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Pentagon: China's military strengthening
Updated: 2005-07-20 08:48

WASHINGTON - China is steadily strengthening and modernizing its military, with an aim to deterring Taiwan from declaring independence, the Pentagon said Tuesday in a new report on Chinese military power and strategy.

This undated file photo released by the US Department of Defense shows an aerial view of The Pentagon in Washington, DC.
This undated file photo released by the US Department of Defense shows an aerial view of The Pentagon in Washington, DC. [AFP]
The report even claims that over the longer term, an increasingly modern Chinese military could pose a threat to U.S. and other forces in the Asia-Pacific region.

"Some of China's military planners are surveying the strategic landscape beyond Taiwan," the report said.

Among a number of such developments, it noted improvements in Chinese intercontinental-range missiles "capable of striking targets across the globe, including the United States." Air and naval force improvements also appear to be geared for operations beyond the geography around Taiwan, it added.

Fueled by a booming economy and foreign arms purchases, China's military is developing new capabilities in line with Beijing's strategy of deterring Taiwan from declaring independence and countering a potential U.S. military intervention, according to the 45-page report, an annual assessment required by Congress.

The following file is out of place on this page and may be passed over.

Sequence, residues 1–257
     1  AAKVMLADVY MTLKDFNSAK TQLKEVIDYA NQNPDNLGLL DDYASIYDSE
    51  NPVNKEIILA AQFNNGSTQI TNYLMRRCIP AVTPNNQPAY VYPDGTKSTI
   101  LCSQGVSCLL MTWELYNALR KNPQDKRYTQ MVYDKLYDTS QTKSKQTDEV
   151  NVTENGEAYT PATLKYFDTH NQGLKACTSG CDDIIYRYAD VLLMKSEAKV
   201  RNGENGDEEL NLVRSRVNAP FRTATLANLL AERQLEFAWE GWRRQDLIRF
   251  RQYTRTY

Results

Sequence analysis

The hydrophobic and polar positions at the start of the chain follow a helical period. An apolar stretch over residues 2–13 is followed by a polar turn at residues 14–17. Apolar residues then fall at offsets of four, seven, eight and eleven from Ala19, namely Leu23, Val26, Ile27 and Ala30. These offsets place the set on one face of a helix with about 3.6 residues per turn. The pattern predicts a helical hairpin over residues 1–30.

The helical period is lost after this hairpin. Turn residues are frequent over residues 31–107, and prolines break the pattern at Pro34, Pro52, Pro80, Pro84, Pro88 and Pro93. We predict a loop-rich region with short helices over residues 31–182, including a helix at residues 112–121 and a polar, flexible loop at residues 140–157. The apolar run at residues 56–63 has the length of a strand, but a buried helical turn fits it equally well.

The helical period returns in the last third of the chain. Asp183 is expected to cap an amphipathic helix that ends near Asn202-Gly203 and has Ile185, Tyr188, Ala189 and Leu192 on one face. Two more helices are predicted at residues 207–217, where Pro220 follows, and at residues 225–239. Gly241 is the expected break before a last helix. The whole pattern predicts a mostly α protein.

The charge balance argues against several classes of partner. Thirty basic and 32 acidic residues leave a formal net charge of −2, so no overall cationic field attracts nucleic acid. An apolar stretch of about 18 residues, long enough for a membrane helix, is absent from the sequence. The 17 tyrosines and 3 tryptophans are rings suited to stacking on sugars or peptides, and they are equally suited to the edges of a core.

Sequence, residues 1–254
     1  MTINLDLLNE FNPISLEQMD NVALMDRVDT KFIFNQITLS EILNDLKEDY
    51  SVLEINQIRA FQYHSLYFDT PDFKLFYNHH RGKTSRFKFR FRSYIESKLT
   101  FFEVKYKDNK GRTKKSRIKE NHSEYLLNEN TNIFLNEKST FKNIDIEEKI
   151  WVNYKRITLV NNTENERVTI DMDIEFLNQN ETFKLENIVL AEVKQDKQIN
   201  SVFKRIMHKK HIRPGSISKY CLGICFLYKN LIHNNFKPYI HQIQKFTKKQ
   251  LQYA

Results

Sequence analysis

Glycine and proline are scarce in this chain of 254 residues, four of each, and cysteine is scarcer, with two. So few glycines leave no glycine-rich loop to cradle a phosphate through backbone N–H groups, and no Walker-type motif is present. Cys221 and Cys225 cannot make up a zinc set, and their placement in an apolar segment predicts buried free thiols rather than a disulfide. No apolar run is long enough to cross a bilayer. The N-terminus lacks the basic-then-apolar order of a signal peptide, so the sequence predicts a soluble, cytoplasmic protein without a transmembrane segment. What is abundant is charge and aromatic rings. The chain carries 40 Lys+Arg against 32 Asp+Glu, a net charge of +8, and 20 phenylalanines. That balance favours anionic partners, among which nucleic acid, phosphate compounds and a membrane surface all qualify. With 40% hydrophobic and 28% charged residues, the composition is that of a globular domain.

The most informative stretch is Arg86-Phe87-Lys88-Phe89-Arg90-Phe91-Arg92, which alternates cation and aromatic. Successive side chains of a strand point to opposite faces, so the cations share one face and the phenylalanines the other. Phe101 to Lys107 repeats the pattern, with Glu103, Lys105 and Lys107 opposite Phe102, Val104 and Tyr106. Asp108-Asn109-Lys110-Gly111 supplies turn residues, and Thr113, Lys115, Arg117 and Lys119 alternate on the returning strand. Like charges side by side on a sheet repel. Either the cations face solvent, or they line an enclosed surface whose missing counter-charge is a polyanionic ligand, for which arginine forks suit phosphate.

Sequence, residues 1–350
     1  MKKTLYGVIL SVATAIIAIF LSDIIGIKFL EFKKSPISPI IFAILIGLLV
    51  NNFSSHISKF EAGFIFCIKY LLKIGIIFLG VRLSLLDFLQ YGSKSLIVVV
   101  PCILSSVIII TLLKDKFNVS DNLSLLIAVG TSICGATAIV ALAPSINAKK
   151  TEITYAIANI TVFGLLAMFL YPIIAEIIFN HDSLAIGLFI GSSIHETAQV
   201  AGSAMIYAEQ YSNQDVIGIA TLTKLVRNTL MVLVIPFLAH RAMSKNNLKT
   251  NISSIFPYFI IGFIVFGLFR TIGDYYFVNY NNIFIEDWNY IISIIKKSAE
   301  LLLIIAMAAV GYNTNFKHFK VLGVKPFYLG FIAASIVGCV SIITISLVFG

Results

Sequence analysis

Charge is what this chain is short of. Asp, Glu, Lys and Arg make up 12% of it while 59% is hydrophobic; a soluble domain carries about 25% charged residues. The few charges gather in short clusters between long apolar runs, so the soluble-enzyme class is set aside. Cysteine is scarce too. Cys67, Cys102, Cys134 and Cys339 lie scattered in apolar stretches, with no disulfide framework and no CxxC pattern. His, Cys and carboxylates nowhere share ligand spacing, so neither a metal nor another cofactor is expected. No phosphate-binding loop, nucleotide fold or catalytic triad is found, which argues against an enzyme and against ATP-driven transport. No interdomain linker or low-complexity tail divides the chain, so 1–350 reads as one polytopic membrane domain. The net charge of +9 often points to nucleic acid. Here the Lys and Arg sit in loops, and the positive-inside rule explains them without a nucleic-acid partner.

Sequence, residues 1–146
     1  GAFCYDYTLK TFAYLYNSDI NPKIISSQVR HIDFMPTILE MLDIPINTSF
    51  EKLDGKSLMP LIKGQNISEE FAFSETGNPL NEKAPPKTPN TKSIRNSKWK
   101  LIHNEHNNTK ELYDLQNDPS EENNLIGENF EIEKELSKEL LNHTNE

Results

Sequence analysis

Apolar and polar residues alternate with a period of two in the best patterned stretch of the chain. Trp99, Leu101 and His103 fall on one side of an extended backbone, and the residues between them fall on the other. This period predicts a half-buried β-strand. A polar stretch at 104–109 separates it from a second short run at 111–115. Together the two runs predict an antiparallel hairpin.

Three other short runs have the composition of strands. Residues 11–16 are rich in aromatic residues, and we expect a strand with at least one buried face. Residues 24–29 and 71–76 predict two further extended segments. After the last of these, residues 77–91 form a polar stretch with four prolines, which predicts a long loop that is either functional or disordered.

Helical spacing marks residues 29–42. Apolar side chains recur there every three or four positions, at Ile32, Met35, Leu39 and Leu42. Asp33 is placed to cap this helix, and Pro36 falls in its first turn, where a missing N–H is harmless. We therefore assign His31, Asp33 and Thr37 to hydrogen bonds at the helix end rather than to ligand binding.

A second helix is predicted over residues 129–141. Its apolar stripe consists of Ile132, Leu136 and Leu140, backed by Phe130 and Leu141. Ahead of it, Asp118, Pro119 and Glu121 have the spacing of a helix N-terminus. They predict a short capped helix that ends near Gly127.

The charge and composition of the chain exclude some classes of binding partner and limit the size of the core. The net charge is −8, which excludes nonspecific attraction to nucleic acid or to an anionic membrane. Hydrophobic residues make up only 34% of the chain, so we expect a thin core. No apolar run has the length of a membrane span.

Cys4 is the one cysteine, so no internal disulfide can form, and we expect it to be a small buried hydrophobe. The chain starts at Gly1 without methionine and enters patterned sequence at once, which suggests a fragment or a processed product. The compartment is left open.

The short-term focus of China's military is preparing for potential conflict in the Taiwan Strait, the report said. Beijing has made it clear that it would have to use non-peaceful means if the island declares formal independence or resists Beijing's insistence on negotiating a reunification. The United States, which is Taiwan's main arms supplier, has cautioned both sides not to force a change in the status quo.

Kurt Campbell, who was a senior Asia specialist at the Pentagon during the Clinton administration, said in an interview that the report is "slightly more alarmist" than previous Pentagon assessments of China's military. He noted that the report focuses on a number of new Chinese capabilities, including a naval buildup.

Defense Secretary Donald H. Rumsfeld said Tuesday prior to the release of the report that it illustrates why a European arms embargo against the Chinese should be kept in place.
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